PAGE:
‘As a Child, I Knew My Brother Was Different’

4 comments Written on June 24th, 2011     
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MINNEAPOLIS, MN (June 24, 2011) – Editor’s note: The following was previously published on Natalie Davis’ website. Davis was recently crowned Miss Minnesota and will promote her platform of autism awareness.

Trevor and Natalie Davis

When I was a child, I knew my brother Trevor was different. He spent hours silently lining up toy cars into perfect rows instead of playing with other kids. He didn’t speak until he was three, and he couldn’t produce a full sentence until he was seven.

Trevor seemed to be in his own little world, but he and I were connected. Even though Trevor couldn’t speak, I always knew what he needed. I was constantly on high alert regarding his emotions and any environmental factors that might upset him.

For as long as I can remember, I have been his helper and protector. When kids bullied him, I quickly tried to explain, “He’s special ed.,” hoping they would have mercy. When he threw tantrums because he didn’t want to do his schoolwork, I slyly suggested a game of “tutor” instead. I helped him cover his ears when the sound of a fire truck was too much for him to bear.

Things have always been harder for Trevor. I went to a prestigious private school – Trevor was in public school special education. I was invited to countless birthday parties – Trevor wasn’t invited to any. I was the star. I was the pageant queen, singer, athlete, and star student. I seemed to have it all, but I had a brother who struggled.

Growing up with an autistic brother has not been easy. I sometimes cry hopelessly when I feel that no one seems to believe in him except my family and me. But when things get tough, my mom reminds me to count my blessings.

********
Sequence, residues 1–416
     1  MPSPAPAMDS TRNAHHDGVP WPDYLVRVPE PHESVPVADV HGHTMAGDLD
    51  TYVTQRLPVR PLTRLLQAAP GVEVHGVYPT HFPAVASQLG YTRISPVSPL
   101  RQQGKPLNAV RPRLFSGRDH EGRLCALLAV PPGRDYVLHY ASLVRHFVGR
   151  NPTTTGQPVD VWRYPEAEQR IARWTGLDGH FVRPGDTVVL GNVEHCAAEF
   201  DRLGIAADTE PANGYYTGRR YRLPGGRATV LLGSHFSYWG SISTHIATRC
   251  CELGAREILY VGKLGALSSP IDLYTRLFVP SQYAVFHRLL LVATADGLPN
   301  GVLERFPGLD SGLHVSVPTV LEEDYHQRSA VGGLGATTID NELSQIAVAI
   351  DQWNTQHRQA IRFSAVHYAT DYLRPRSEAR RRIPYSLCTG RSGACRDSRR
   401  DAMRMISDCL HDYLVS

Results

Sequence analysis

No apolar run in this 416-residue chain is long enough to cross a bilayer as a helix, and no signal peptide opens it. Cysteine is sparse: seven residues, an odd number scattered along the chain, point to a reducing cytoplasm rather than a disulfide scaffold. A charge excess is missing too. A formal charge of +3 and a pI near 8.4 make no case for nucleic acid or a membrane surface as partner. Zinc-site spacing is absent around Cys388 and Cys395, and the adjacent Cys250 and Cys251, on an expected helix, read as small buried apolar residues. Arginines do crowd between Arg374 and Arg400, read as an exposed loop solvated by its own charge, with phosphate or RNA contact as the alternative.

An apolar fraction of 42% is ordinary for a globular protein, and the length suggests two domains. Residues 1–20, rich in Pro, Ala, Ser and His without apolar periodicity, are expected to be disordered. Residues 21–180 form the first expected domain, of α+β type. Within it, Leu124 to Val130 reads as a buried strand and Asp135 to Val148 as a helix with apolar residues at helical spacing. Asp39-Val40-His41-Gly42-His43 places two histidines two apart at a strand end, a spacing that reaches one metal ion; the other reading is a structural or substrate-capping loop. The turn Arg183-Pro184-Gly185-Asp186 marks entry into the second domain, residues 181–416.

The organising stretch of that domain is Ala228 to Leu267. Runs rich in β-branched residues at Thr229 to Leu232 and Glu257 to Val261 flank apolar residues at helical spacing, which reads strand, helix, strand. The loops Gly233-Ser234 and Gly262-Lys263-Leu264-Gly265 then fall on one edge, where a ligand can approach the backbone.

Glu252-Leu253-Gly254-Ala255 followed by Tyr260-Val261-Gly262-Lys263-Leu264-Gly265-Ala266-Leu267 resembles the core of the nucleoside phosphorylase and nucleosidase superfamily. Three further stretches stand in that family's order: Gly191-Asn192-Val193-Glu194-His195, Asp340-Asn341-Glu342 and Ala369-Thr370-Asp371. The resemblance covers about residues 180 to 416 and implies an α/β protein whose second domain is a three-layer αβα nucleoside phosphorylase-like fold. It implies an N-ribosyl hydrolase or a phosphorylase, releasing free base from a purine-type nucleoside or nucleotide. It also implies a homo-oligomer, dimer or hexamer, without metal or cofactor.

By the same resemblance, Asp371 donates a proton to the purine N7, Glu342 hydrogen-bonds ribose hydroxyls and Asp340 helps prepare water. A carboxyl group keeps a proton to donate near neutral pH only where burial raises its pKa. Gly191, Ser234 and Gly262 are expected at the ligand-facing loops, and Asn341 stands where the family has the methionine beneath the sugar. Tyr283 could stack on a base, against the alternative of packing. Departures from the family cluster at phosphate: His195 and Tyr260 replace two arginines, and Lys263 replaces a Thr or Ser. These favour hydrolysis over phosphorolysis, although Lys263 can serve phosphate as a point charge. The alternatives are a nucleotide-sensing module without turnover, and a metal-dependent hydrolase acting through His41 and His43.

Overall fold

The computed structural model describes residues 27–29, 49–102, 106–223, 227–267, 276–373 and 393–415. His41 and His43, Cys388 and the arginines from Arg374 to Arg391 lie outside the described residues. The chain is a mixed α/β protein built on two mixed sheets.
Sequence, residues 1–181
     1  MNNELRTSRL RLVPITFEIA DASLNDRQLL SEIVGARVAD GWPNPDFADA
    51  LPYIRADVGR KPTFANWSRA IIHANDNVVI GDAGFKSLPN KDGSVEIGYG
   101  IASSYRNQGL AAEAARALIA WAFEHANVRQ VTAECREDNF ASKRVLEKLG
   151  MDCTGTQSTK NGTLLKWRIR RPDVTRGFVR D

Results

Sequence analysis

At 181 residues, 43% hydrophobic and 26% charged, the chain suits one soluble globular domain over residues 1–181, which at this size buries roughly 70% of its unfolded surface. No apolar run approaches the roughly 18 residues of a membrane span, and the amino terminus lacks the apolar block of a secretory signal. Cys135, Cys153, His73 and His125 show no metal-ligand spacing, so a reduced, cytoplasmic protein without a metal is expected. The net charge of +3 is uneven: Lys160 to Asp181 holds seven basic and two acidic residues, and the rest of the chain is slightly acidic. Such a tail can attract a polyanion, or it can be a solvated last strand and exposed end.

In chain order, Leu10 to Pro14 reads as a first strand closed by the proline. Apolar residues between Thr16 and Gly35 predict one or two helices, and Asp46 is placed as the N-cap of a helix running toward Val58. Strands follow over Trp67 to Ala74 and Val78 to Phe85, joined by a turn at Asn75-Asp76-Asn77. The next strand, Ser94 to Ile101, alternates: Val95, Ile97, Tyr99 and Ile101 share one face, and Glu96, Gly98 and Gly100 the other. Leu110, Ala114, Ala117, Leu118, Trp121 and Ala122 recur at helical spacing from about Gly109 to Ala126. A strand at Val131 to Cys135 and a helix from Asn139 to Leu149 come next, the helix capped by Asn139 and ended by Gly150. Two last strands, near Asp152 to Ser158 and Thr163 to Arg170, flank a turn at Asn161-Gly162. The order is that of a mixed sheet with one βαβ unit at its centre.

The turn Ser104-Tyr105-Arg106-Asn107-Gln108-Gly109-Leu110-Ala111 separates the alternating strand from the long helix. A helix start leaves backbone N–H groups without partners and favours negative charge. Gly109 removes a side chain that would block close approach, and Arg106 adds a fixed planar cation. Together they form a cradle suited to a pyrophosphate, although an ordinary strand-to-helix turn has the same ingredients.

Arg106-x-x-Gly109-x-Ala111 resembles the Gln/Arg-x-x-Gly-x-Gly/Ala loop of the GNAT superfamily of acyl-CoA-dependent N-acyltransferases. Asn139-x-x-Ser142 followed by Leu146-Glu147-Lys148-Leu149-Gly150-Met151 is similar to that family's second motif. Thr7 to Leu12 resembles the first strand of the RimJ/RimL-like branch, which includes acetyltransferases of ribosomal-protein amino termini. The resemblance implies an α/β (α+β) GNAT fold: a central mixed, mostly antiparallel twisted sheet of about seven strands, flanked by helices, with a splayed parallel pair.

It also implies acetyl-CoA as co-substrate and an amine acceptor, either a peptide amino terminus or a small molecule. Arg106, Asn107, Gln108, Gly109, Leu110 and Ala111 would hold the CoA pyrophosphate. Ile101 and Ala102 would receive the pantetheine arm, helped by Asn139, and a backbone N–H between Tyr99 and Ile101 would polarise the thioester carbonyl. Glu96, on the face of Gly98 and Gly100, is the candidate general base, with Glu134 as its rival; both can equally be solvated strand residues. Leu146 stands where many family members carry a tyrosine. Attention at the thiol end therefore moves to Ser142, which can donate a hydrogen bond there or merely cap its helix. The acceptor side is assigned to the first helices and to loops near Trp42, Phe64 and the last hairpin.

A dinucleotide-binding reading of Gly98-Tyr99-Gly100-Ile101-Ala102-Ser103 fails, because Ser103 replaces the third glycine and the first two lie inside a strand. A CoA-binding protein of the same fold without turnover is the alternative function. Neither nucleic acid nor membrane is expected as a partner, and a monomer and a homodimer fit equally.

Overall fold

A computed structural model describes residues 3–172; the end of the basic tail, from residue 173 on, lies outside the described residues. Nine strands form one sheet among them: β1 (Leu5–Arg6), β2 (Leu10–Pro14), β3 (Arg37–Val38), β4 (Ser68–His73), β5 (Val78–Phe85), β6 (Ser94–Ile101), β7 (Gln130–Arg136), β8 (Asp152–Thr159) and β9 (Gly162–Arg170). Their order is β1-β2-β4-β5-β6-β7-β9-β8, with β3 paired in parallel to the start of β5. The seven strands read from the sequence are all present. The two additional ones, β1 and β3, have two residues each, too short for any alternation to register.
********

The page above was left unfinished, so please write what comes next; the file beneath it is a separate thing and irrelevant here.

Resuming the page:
Despite his challenges, Trevor graduated from high school in the top 50 percent of his class, and he has recently completed his first semester as a part-time student at St. Cloud State University with straight A’s. Trevor plays piano, he is an excellent public speaker, and he is an Eagle Scout.

It occurred to me that Trevor’s differences aren’t all negative. Yes, he faces challenges that most individuals never have to face, but the fact that he has continually overcome those challenges makes Trevor not just different, but extraordinary.

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4 comments “‘As a Child, I Knew My Brother Was Different’”

I heard a “local” girl had won (I live in Hutchinson), but I didn’t know she was also a Covenanter. Her life experiences have made her who she is. I have a friend who has a son with autism. It’s not always easy for him or their family, but it has made them better people. My friend’s son graduated from high school this year. Some subjects he excelled at, some he didn’t do so well at. He is a great kid! I’ll have to follow Natalie a little closer now that I know there’s more than just the local connection.

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Hi, Thank You for Sharing we appreciate it. 
God Bless You!

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God Bless you and your family for the love and support shown over the long pull.

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Natalie is like many wonderful siblings from homes I know where one or more children are atypical: loving, protective, encouraging, outspoken, and a champion.  I pray that God will bless her for her actions and attitudes concerning her brother.

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